Ameren Illinois Utilities to Work Through the Night to Turn the Lights Back On for Northern Illinois Customers

Service Restoration Effort Slowed by Weather, Hazardous Conditions

Jan 21, 2010, 19:31 ET from Ameren Illinois Utilities

PEORIA, Ill., Jan. 21 /PRNewswire-FirstCall/ -- More than 500 Ameren Illinois Utilities (AmerenCIPS, AmerenCILCO, AmerenIP) personnel and contractors are waging a challenging battle with the weather and hazardous working conditions to restore electricity service to Northern Illinois customers.

During the day, service outages peaked at more than 25,000 customers after the number had been reduced to about 6,000 last night. At 5:20 p.m., the number of Ameren Illinois Utilities (AIU) customers without power has been reduced to about 11,000. In total, about 33,000 customers have had service restored since outages began late Wednesday afternoon.

The weather and difficult working conditions have created additional outages as well as outages of longer durations than what was originally projected. At this time, it is estimated all service will be restored by 6:00 p.m. tomorrow. However, outages may last longer if weather and working conditions deteriorate.

"We are appreciative of the patience our customers have shown, but understand they want their service restored as quickly as humanly possible. We will be working throughout the night to achieve this goal," said AIU Vice President of Operations Ron Pate.

AIU has activated the Emergency Operations Center (EOC) to direct the service restoration effort. The EOC has deployed a Storm Trailer to the impacted area. A Storm Trailer is a mobile storeroom, stocked with the material field crews need to get the lights back on. Storm Trailers can be moved to central staging sites to provide essential materials to areas with the greatest damage.

The primary cause of the power outages has been due to a phenomenon known as "galloping conductors." Galloping conductors can occur when strong winds blow across ice-coated power lines, causing the lines to move up and down in a violent manner. This movement is known as "galloping," which often results in damage to cross arms on poles, insulators and even the wires. This will result in power outages.

An example of galloping conductors can be seen at IllinoisOutage.com.

Pate stressed the importance of safety, saying, "Safety is our priority every day of the year, but it takes on added significance when severe weather strikes. The first safety rule is to stay away from downed power lines and always call us or '911' if you see downed lines. Never go outside in the dark because you won't be able to see a downed power line that could still be energized and dangerous. Stay away from brush, shrubs and downed trees that may hide downed lines."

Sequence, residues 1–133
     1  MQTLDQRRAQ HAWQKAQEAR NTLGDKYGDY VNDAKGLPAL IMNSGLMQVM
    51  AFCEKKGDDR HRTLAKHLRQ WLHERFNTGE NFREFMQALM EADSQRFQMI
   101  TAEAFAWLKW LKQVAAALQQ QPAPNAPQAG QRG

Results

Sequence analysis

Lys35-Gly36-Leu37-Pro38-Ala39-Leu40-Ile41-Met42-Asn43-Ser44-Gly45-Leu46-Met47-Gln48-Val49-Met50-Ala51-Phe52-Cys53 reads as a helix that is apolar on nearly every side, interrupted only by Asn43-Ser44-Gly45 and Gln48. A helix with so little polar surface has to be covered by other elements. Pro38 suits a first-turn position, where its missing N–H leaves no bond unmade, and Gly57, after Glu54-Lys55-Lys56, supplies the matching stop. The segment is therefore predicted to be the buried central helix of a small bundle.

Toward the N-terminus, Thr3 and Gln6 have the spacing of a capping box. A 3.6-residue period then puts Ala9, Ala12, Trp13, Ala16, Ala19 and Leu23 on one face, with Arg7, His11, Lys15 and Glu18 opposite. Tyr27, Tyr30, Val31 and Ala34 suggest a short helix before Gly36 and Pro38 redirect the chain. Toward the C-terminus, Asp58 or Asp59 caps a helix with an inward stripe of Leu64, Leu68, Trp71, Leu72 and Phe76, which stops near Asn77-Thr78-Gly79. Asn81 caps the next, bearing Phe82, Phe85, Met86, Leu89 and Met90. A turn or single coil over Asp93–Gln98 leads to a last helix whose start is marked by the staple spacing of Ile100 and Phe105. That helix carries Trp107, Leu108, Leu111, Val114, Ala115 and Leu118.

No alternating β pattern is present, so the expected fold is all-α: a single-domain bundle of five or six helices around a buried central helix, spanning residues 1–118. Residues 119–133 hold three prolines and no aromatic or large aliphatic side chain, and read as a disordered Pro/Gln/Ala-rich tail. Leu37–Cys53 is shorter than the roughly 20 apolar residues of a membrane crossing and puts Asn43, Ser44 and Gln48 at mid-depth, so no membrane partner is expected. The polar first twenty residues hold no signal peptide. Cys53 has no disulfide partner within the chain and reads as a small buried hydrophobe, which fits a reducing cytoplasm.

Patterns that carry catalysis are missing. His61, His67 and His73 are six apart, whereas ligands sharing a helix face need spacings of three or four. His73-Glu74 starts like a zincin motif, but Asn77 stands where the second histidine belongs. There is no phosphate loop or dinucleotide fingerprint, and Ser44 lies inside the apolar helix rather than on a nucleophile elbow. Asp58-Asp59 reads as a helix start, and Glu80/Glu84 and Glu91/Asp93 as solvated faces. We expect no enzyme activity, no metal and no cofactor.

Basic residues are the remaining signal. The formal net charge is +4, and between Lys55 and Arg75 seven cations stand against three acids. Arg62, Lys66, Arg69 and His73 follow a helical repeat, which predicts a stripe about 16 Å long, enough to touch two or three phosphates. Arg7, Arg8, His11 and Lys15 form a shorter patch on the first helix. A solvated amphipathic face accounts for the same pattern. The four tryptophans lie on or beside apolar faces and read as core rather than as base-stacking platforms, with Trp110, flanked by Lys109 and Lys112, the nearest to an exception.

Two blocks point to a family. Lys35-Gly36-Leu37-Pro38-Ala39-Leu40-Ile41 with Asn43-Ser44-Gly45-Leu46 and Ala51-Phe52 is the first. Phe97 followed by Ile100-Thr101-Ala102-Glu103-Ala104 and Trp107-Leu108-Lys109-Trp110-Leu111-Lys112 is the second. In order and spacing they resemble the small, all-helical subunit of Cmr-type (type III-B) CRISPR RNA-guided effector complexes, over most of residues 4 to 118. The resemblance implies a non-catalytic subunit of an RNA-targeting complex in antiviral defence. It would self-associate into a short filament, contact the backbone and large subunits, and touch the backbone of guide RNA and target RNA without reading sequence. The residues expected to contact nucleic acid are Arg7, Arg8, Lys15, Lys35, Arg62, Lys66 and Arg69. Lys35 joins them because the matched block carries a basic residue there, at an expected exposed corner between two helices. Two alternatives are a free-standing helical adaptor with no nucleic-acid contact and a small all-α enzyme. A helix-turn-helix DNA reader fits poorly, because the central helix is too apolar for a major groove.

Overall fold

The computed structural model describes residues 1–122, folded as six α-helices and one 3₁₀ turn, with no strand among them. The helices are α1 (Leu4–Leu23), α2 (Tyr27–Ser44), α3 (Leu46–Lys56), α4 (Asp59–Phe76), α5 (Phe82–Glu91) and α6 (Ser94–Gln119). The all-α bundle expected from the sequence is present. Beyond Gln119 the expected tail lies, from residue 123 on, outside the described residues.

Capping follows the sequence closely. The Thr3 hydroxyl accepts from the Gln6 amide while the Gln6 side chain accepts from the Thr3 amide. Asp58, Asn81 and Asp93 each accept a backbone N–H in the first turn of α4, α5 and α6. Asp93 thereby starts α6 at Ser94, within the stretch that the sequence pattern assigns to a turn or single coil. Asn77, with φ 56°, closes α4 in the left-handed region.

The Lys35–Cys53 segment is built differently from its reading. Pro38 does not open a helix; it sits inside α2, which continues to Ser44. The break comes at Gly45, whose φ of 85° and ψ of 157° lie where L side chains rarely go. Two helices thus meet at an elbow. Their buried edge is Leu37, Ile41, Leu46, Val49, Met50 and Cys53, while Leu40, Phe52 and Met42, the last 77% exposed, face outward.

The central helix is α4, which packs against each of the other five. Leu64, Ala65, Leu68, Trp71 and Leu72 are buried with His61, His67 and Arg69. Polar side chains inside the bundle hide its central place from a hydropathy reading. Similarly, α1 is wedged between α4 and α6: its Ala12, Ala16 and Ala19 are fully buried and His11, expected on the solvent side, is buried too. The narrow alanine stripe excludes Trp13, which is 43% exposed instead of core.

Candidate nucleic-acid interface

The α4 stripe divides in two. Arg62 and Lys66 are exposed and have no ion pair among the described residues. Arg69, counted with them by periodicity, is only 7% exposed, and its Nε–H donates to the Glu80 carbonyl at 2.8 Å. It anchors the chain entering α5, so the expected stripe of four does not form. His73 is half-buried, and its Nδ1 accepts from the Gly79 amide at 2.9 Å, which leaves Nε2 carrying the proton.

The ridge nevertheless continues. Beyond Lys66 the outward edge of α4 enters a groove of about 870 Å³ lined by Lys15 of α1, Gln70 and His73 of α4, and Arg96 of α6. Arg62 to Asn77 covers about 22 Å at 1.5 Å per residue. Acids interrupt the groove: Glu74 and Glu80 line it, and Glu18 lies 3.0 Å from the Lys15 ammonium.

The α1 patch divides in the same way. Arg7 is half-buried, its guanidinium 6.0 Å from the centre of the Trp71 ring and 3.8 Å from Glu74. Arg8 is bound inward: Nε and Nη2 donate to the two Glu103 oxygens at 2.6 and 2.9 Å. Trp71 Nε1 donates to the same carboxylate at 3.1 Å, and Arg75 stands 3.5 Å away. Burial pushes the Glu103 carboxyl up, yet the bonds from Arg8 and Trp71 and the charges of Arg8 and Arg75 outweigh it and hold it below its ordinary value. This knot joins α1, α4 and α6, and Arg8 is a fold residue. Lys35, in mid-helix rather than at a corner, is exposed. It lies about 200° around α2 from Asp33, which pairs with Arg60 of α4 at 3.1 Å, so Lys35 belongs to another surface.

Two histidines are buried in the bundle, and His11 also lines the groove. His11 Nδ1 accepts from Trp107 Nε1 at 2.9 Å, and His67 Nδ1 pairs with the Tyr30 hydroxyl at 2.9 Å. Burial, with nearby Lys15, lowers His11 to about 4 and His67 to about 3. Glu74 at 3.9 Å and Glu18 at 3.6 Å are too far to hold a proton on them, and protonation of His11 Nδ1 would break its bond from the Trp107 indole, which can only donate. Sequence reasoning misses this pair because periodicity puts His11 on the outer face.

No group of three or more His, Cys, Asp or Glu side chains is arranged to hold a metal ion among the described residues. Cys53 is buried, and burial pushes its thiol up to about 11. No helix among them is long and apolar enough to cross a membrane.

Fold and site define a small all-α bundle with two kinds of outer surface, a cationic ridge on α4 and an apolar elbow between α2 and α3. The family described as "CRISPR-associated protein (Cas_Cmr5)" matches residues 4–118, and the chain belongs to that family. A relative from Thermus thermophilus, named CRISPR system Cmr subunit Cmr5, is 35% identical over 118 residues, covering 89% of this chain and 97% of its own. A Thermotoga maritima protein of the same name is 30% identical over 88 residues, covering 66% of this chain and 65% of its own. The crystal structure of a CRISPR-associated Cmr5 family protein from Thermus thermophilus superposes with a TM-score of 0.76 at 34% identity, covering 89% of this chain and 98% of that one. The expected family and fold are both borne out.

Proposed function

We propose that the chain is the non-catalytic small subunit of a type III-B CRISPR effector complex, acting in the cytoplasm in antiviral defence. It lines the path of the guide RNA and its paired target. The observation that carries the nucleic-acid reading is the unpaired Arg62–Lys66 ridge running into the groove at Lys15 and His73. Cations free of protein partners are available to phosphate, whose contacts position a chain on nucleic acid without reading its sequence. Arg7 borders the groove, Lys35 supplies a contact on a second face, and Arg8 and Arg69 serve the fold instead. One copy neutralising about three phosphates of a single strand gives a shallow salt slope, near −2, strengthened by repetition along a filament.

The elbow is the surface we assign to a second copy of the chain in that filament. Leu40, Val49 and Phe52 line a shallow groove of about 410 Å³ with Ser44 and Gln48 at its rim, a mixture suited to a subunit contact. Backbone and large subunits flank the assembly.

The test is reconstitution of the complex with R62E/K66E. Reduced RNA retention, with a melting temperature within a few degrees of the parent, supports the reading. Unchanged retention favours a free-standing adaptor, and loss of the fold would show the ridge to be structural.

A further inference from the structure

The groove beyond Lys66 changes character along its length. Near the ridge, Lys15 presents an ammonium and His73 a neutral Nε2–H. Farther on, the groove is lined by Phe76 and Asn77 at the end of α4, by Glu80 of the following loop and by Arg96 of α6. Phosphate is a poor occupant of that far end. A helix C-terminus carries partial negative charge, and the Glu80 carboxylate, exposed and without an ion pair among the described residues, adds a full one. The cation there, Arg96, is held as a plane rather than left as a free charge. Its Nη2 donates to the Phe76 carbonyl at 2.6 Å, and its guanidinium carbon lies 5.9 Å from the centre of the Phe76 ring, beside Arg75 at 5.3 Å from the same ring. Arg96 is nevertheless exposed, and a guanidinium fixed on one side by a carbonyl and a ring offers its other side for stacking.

To report downed power lines or other problems, customers should call the Ameren Illinois Utilities: 1-888-672-5252 (AmerenCILCO), 1-888-789-2477 (AmerenCIPS) and 1-800-755-7000 (AmerenIP).

Warming centers have been opened in Mercer County. They are as follows: Aledo VFW, Aledo Fire Department, Joy Fire Department, Preemption Township Hall in Matherville, Eliza Community Center, Keithsburg City Hall, Matherville Village Hall, Seaton Fire Department and the Sherrard Fire Department.

Comprehensive service restoration information is available at IllinoisOutage.com. Customers with mobile devices such as iPhones and BlackBerrys may access information at www.ameren.mobi.

Customer Safety Advice

In order to stay warm and prevent hypothermia, residents are urged to follow these tips:

  • Dress in warm, layered clothing.
  • Check on neighbors, especially the elderly and those with medical conditions to make certain they are safe and warm.
  • Remain indoors as much as possible.
  • Place towels or rags along the bottom of doors to keep the cold out. Do the same for drafty windows.
  • Keep drapes and shades closed at night. During a sunny day, open shades and drapes on the sunny side of the home to take advantage of solar heating.
  • Eat to provide your body with the energy needed help stay warm. Drink plenty of liquids to avoid dehydration.
  • Remain active, but avoid strenuous activities that cause perspiration.
  • Consider staying with friends or relatives or going to a warming center if you cannot keep your home reasonably warm. Remember, infants and the elderly are more susceptible to the cold than the rest of us.
  • Customers planning to use a portable generator must first open the main breaker or remove the main fuses before connecting the generator to the electrical systems. Failure to do this could seriously injure utility crews working on outside power lines, and/or it could cause damage to a neighbor's property or the customer's own equipment. Customers should never use a portable generator indoors, including in a home, garage, basement, shed or partially-enclosed area – even with ventilation because of the threat of deadly carbon monoxide poisoning.

The Ameren Illinois Utilities have been providing safe, reliable energy delivery service for more than a century. The Ameren Illinois Utilities deliver energy to 1.2 million electric and more than 840,000 natural gas customers in about 1,000 communities, while helping customers spend less by using less energy and communities grow through economic development initiatives.

Editor's Note:

For current information on the restoration effort, please visit IllinoisOutage.com

SOURCE Ameren Illinois Utilities



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